We noted the discussion in “No One Left Behind” about developing an education system which builds digital skills. While this is a welcome commitment, it should be approached with far more ambition. This can be an opportunity for Scotland’s educational system, from primary school all the way through university, to build in digital rights into the curriculum, and to create a cohort of future professionals who consider digital rights in everything they do.

At the moment, digital education, such as it is, takes a “thou shalt not” approach centred around system administration issues such as the Computer Misuse Act or GDPR. That education is essentially negative, delivered from a legal compliance “do this or else” perspective. Digital education as a positive call to defending digital and human rights, as well as the roles which Scotland’s future professionals will play in creating systems which will protect and ensure those rights, is largely absent. This applies all the way to university level, where (for example) privacy as both an ethical and legal concept does not even figure in most computer science curricula.

In building its digital strategy for the future, Scotland has a real chance to become a world-leading nation which trains its future professionals in an entirely different way – one which puts people at the heart of technology, rather than the other way around – by reforming its approach to provide an holistic curriculum from secondary school onwards that empowers individuals in their rights online and helps contribute to other strategic goals (Ethical Digital Nation) through technical and digital education.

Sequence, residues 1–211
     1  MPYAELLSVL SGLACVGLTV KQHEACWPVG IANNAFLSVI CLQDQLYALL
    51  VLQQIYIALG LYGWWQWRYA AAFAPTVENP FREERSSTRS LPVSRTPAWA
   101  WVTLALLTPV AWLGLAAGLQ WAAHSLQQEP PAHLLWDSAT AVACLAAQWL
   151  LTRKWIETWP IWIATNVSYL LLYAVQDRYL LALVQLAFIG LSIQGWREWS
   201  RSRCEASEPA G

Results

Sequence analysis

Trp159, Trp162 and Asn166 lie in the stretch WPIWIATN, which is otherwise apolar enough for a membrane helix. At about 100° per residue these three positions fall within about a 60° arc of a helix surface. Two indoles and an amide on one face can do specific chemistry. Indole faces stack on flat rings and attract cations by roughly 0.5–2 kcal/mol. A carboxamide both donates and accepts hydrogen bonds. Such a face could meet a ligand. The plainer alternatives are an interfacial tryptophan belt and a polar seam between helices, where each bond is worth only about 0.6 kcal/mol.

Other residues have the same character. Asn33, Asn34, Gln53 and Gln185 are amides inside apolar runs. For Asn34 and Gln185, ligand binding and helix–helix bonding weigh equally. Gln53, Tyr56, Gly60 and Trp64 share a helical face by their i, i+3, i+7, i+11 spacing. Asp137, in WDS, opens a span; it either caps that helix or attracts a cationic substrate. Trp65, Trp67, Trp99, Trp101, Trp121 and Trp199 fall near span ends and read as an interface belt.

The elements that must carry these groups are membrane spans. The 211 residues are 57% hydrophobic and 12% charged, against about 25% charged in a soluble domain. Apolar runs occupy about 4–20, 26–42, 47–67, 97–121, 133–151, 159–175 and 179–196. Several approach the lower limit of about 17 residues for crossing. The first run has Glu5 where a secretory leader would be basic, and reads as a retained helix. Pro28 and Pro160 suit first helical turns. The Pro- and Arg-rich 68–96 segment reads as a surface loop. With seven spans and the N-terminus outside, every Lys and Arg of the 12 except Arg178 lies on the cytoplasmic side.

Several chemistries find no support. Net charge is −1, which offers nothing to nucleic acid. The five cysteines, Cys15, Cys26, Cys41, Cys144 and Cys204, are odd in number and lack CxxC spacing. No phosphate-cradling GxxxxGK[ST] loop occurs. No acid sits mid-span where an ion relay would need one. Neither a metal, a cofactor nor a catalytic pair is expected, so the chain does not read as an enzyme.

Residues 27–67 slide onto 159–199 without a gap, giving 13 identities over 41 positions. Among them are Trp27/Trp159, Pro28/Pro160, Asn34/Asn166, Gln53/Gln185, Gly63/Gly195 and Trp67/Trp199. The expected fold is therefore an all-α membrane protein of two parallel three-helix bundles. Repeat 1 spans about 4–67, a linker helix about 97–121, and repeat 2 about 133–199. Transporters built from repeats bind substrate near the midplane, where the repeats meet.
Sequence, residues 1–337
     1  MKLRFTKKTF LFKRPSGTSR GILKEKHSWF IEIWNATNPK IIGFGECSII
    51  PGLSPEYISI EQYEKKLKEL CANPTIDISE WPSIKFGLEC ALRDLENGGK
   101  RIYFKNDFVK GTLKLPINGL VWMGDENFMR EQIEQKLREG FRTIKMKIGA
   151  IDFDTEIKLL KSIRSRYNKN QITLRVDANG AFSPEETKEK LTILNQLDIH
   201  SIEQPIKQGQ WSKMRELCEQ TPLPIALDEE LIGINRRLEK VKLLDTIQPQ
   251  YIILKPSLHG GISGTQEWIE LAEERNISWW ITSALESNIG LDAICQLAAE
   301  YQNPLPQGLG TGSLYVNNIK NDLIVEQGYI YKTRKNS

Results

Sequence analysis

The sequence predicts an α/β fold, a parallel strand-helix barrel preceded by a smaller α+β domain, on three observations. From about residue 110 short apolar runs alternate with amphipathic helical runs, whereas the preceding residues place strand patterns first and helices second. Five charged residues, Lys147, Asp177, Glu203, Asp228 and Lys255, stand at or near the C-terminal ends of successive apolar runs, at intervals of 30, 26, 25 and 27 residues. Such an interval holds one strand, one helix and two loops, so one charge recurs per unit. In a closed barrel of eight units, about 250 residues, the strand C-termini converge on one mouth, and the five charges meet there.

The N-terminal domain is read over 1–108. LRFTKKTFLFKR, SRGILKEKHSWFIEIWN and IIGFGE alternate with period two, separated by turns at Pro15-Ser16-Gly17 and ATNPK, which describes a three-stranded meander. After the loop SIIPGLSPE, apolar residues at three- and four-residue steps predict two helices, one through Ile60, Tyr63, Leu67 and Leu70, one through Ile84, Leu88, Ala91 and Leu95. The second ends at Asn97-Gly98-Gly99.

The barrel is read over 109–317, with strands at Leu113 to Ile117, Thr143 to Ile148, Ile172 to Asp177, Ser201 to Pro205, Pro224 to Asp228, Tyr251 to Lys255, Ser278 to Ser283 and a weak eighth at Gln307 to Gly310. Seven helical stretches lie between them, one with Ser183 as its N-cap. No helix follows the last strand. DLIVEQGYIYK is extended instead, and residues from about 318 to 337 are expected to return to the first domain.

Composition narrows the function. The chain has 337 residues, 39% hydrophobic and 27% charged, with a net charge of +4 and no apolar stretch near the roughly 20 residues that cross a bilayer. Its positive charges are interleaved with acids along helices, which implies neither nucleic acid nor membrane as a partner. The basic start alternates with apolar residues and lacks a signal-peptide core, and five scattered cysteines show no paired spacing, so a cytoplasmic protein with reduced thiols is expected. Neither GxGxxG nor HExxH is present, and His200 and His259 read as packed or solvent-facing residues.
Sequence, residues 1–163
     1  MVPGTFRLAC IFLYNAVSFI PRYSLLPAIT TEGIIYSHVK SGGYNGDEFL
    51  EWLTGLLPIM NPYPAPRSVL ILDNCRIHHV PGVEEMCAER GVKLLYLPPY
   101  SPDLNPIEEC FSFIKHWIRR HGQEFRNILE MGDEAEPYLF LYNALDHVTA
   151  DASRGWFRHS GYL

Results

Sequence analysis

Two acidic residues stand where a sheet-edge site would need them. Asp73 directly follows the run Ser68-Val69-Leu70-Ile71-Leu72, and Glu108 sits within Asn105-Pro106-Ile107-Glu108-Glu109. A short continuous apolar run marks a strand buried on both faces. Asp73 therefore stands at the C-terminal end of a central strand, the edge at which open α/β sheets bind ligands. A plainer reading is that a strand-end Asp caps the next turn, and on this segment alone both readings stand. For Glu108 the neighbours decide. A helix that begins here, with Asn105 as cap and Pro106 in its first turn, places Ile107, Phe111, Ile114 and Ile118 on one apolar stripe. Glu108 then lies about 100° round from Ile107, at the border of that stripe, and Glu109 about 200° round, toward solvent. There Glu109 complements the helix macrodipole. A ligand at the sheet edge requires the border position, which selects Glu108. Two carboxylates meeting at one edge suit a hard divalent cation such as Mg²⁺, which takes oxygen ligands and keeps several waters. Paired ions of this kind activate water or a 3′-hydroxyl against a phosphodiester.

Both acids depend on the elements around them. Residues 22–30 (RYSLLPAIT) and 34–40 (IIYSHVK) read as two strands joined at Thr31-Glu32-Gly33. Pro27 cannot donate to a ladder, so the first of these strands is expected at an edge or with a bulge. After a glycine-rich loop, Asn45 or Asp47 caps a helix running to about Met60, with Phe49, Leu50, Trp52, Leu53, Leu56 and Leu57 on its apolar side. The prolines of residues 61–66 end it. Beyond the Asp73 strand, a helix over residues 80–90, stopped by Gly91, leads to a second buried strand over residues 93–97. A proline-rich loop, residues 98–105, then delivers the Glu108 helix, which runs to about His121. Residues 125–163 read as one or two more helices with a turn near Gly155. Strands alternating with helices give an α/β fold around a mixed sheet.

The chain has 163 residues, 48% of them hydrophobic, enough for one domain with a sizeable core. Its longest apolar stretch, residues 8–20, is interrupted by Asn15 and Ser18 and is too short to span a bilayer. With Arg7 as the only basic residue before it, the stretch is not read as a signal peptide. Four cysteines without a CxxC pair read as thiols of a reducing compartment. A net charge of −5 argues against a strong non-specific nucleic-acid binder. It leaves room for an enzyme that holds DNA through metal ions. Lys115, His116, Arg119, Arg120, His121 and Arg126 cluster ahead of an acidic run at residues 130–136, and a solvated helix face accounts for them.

Q6. How realistic do you think it will be to deliver these potential actions?

We are under no illusions that the aims and ambitions within the strategy will be easily delivered. We are, after all, in the first year of a public health crisis which has the nation on an emergency footing. We are also in the midst of once-in-a-generation political upheaval caused by the UK’s exist from the European Union, and the resulting disruption this has brought to the digital economy.

However, we felt that section 9, “An ethical digital nation”, provides a solid foundation to use to address those challenges as the strategy moves from concept to delivery. The commitments contained within this section, such as improving open data, welcoming independent scrutiny, and increasing international cooperation, indicate that the Scottish Government is clearly placing the “public voice at the core”. Provided these values do remain at the Strategy’s centre, those temporary difficulties can be overcome.

We say this on the basis of having recently responded to the UK government’s National Digital Strategy, which approached the same questions which the Scottish Government has asked here from a completely opposite perspective. That perspective wrongly put data before people, wrongly detached data from the political context which surrounds it, and wrongly sought to untether data from both legal and ethical protections. The Scottish approach, which views data ethics as a supplement to rather than a substitute for legislative protection, and centres public benefit rather than commercial value at its heart, provides a much healthier framework to protect digital rights.